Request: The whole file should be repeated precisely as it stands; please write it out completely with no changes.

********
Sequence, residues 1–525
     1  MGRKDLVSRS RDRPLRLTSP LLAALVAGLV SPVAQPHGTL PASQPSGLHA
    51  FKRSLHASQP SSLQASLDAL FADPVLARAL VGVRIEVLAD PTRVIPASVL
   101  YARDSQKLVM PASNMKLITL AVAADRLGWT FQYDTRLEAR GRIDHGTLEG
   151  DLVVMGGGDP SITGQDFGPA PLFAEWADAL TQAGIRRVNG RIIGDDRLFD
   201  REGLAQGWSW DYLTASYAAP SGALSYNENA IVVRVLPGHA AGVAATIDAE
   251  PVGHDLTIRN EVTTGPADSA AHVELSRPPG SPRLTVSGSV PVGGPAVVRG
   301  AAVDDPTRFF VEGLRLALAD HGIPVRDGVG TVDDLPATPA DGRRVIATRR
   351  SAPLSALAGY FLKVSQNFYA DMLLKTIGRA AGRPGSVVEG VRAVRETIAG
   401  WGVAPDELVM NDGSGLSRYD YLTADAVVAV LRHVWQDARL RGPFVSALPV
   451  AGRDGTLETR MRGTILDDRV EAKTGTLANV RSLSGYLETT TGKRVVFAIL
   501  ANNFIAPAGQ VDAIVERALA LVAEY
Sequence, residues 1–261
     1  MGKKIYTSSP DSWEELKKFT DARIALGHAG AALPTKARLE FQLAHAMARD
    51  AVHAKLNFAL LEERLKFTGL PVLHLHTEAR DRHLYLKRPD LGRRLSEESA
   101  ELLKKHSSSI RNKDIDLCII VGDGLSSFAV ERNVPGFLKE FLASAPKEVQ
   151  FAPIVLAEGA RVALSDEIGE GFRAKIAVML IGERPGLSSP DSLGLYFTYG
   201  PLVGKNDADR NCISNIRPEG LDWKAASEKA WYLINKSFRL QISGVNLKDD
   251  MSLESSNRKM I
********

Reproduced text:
Sequence, residues 1–525
     1  MGRKDLVSRS RDRPLRLTSP LLAALVAGLV SPVAQPHGTL PASQPSGLHA
    51  FKRSLHASQP SSLQASLDAL FADPVLARAL VGVRIEVLAD PTRVIPASVL
   101  YARDSQKLVM PASNMKLITL AVAADRLGWT FQYDTRLEAR GRIDHGTLEG
   151  DLVVMGGGDP SITGQDFGPA PLFAEWADAL TQAGIRRVNG RIIGDDRLFD
   201  REGLAQGWSW DYLTASYAAP SGALSYNENA IVVRVLPGHA AGVAATIDAE
   251  PVGHDLTIRN EVTTGPADSA AHVELSRPPG SPRLTVSGSV PVGGPAVVRG
   301  AAVDDPTRFF VEGLRLALAD HGIPVRDGVG TVDDLPATPA DGRRVIATRR
   351  SAPLSALAGY FLKVSQNFYA DMLLKTIGRA AGRPGSVVEG VRAVRETIAG
   401  WGVAPDELVM NDGSGLSRYD YLTADAVVAV LRHVWQDARL RGPFVSALPV
   451  AGRDGTLETR MRGTILDDRV EAKTGTLANV RSLSGYLETT TGKRVVFAIL
   501  ANNFIAPAGQ VDAIVERALA LVAEY
Sequence, residues 1–261
     1  MGKKIYTSSP DSWEELKKFT DARIALGHAG AALPTKARLE FQLAHAMARD
    51  AVHAKLNFAL LEERLKFTGL PVLHLHTEAR DRHLYLKRPD LGRRLSEESA
   101  ELLKKHSSSI RNKDIDLCII VGDGLSSFAV ERNVPGFLKE FLASAPKEVQ
   151  FAPIVLAEGA RVALSDEIGE GFRAKIAVML IGERPGLSSP DSLGLYFTYG
   201  PLVGKNDADR NCISNIRPEG LDWKAASEKA WYLINKSFRL QISGVNLKDD
   251  MSLESSNRKM I